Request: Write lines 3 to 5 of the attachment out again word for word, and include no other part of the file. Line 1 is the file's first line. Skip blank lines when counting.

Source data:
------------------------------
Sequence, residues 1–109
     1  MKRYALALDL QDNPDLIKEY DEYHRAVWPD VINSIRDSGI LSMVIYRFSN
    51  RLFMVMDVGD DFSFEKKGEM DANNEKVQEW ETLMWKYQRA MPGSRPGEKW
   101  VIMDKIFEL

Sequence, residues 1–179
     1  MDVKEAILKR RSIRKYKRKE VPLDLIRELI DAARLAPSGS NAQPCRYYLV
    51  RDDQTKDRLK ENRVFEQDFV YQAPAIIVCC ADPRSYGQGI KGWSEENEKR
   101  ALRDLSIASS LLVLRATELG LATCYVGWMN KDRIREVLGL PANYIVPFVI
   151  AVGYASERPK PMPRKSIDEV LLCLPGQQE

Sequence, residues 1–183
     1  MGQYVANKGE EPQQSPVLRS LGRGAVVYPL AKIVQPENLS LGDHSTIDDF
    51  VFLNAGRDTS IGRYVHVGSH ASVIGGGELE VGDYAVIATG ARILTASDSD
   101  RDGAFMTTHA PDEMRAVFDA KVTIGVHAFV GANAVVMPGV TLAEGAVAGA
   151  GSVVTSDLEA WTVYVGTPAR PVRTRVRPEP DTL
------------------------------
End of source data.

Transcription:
    51  RLFMVMDVGD DFSFEKKGEM DANNEKVQEW ETLMWKYQRA MPGSRPGEKW
   101  VIMDKIFEL

Sequence, residues 1–179